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Militant Democracy: The Legacy of Germany’s War on Terror in the 1970s
|Title:||Militant Democracy: The Legacy of Germany’s War on Terror in the 1970s|
|Issue Date:||29 Jul 2014|
|Publisher:||Taylor & Francis|
|Citation:||Rosenfeld, A. (2014). Militant Democracy: The Legacy of West Germany’s War on Terror in the 1970s. The European Legacy, 19(5), 568-589. doi:10.1080/10848770.2014.943531|
|Abstract:||In the 1970s the Federal Republic of Germany found itself locked in a battle with leftwing extremism, when groups of self-styled urban guerrillas attempted to press through a radical agenda using methods that included bombings, kidnappings, and assassinations. This essay examines the counterterrorist initiatives of West Germany’s ruling social-liberal coalition as anti-state violence forced officials to reconsider the principles of democracy and state power. With the collapse of the Weimar Republic casting an ominous shadow, political leaders gradually forged a consensus around the concept of “militant democracy.” In practice, this meant a more centralized state, prepared to forcefully defend the lives and property of its citizens against terrorist attacks. Although the country embraced a new image of German militarism in the form of counterterrorist commandos, citizens expressed a growing concern over computerized crime fighting as an intrusive surveillance of their private lives.|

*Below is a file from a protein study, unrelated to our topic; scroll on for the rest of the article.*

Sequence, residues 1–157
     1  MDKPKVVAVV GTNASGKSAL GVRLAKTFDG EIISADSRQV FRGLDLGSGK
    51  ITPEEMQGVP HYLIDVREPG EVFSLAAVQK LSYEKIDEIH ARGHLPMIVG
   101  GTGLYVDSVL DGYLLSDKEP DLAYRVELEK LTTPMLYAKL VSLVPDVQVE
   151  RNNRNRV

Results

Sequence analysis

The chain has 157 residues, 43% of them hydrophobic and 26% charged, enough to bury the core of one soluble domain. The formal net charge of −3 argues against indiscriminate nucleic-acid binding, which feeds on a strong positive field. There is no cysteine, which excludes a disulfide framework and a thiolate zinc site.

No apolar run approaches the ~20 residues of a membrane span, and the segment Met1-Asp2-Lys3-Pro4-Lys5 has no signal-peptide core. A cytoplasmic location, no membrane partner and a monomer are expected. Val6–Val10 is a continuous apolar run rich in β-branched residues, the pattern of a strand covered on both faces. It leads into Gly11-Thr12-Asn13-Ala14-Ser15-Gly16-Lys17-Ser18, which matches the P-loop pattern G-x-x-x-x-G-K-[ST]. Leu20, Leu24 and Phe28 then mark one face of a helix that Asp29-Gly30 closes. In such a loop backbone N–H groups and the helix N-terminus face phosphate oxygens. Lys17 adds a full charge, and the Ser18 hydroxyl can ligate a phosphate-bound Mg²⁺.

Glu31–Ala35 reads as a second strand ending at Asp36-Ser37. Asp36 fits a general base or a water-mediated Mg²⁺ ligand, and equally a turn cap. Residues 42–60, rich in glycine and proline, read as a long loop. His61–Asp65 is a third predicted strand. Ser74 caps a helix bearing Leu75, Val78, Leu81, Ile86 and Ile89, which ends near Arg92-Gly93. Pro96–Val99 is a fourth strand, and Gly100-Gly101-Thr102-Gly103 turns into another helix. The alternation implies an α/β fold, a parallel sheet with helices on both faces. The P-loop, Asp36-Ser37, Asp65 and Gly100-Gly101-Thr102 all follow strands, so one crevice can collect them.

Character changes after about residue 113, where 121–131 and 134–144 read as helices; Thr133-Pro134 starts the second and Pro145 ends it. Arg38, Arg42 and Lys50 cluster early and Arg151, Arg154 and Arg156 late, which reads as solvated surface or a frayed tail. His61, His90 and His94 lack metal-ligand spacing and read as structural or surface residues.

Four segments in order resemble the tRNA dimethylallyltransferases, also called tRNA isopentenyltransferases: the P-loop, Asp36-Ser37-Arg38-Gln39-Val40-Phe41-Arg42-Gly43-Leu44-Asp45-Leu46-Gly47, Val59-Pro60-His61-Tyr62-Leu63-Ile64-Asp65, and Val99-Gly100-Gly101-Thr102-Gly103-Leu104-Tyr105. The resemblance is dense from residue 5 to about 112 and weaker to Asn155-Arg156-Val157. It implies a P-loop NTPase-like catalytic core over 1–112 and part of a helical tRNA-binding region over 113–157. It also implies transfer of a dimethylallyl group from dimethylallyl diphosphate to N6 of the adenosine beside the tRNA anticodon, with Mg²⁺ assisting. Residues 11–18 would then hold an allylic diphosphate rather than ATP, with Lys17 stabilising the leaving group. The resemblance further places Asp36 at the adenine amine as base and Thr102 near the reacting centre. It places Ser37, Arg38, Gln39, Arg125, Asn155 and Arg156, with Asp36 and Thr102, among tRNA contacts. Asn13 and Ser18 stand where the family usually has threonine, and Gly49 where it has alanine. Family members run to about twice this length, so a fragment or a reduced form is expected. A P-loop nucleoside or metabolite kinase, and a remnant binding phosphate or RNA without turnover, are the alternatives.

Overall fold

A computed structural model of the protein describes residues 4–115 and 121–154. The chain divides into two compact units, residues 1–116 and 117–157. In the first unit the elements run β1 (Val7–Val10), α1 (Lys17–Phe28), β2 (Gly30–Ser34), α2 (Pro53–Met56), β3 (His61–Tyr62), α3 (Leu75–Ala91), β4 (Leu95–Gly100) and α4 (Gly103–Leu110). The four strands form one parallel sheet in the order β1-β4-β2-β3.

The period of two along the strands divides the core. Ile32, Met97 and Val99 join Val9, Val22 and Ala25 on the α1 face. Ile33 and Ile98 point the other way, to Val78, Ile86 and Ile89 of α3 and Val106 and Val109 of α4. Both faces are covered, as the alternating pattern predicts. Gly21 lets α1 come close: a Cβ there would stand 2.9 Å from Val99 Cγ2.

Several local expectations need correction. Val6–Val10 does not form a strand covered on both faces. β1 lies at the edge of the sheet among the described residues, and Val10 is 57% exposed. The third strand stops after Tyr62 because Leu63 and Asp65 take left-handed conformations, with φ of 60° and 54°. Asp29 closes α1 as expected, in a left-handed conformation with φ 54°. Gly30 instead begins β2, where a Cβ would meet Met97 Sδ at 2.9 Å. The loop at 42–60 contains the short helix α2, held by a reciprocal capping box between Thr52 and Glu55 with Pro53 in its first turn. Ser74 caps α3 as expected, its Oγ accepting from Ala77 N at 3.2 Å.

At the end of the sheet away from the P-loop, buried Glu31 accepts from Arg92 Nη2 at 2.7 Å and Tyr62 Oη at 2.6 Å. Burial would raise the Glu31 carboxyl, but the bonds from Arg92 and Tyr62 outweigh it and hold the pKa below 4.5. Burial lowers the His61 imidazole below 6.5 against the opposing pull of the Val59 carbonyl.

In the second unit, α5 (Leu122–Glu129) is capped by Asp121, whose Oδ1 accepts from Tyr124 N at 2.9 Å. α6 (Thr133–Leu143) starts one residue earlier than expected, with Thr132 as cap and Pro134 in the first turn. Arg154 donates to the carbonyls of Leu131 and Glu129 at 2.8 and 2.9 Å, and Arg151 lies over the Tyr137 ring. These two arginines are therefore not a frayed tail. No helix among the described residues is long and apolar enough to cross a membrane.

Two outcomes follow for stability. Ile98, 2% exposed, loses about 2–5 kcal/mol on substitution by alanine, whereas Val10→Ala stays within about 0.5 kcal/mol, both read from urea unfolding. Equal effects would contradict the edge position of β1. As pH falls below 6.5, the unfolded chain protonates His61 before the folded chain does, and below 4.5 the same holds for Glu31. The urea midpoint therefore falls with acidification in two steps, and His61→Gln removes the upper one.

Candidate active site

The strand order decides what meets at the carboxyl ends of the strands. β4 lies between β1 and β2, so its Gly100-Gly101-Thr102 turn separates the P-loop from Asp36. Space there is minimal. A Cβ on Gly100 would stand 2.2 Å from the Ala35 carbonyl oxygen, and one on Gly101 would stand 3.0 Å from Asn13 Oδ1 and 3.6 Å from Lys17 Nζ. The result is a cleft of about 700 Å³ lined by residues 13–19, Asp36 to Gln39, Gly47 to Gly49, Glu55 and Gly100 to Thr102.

|Description:||This article was originally published in the journal, The European Legacy, vol.19, n.5 and has been modified to conform to ADA standards and practices.|
|Rights:||This is an Accepted Manuscript of an article published by Taylor & Francis in The European Legacy on July 29, 2014, available online: http://www.tandfonline.com/10.1080/10848770.2014.943531.|
|Appears in Collections:||Rosenfeld, Alan|
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